– This is the script of CNBC's news report for China's CCTV on June 12, Monday.
Welcome to CNBC Business Daily, I'm Qian Chen.
U.S. stocks closed mixed on Friday on pressure from this year's best-performing sector: technology.
The Nasdaq composite hit a record high at the open before closing 1.8 percent lower.
Shares of Apple, Facebook, Amazon, Netflix and Google-parent Alphabet all fell more than 3 percent. Microsoft closed down by 2.27%
The tech-heavy index also posted its worst weekly performance of the year.
Meanwhile, US-listed Chinese companies in the tech sectors were hit hard as well on Friday. JD.com tumbled by nearly 7%, Momo was down by 6.38%, Weibo down 3.5% and Alibaba down more than 2%. All these Chinese tech giants all hit their record highs not long ago.
Now, for global investors, the question is - does Friday's fall signal the end of the bull market, or it's just a short-lived technical correction?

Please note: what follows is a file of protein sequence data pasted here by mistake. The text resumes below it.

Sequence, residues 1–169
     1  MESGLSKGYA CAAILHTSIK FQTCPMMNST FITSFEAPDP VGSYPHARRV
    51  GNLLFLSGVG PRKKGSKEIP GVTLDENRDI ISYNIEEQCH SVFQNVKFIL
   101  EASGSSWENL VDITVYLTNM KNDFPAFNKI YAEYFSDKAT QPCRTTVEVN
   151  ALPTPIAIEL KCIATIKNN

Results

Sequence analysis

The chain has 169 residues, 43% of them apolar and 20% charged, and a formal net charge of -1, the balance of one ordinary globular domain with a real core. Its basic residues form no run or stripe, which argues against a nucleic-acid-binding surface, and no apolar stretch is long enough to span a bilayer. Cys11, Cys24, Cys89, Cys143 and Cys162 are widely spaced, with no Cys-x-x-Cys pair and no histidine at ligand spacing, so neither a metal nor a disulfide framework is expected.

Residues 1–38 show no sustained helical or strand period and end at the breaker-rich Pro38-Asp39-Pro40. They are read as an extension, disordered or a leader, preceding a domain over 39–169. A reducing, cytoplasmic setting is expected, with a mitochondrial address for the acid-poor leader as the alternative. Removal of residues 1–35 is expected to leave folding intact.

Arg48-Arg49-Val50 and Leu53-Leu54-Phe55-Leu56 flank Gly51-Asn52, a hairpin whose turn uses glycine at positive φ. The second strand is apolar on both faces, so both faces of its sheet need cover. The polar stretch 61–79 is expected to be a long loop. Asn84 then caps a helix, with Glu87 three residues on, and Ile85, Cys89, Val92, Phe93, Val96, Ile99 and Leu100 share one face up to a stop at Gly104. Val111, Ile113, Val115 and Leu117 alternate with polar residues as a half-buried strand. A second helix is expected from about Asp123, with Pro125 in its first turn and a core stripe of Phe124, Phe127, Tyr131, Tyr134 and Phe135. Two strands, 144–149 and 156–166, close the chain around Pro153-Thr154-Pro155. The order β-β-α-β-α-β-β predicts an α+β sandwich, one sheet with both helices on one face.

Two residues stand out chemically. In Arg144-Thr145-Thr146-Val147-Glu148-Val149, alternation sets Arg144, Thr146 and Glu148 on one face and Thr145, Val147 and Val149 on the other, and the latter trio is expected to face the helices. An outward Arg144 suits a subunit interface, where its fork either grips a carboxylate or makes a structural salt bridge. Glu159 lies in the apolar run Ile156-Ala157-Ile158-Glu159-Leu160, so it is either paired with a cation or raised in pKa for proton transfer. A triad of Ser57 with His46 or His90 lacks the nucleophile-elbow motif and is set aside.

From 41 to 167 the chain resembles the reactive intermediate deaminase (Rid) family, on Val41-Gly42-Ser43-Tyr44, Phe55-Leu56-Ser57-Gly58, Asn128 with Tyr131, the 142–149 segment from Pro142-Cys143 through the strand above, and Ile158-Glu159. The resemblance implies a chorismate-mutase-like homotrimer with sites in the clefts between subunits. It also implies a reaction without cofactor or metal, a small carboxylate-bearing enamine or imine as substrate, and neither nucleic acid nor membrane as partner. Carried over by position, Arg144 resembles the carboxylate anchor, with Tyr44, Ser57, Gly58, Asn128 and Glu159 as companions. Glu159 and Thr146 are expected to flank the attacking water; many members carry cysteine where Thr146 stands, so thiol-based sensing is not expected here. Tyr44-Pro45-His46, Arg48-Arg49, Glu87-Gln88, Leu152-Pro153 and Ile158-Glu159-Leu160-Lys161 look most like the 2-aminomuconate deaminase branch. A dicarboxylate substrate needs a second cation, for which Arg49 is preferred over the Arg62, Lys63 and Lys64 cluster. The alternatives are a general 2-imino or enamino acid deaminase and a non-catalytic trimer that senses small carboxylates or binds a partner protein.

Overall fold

One trigger on Friday is that a pair of Wall Street analyst reports seemed to send tech stocks plummeting.
The report from Goldman Sacks highlighted the lack of volatility in the soaring tech stocks, warning investors that while FAAMG is likely to continue beating the rest of the market over the long term, they shouldn't expect the ride to always be this smooth.
But analysts said they don't see any major fundamental factors what would drive tech lower, and believed that the decline on Friday was due to a rotation from tech into different sectors, like energy companies and retailers.
[CHRIS BRANKIN, TD Ameritrade Asia CEO] "If you look at it in terms of volitility, it is pricing in little downrisk risk across some of the larger tech names."
[CHRIS BRANKIN, TD Ameritrade Asia CEO] "People do sell stocks. Whether its rotating out or rebalancing their porfolio. If you look at these stocks, we are at 52-week high, or all-time high prices, so I think theres some profit-taking there off the table. Is this an opportunity to buy? I think so."
CNBC's Qian Chen, reporting from Singapore.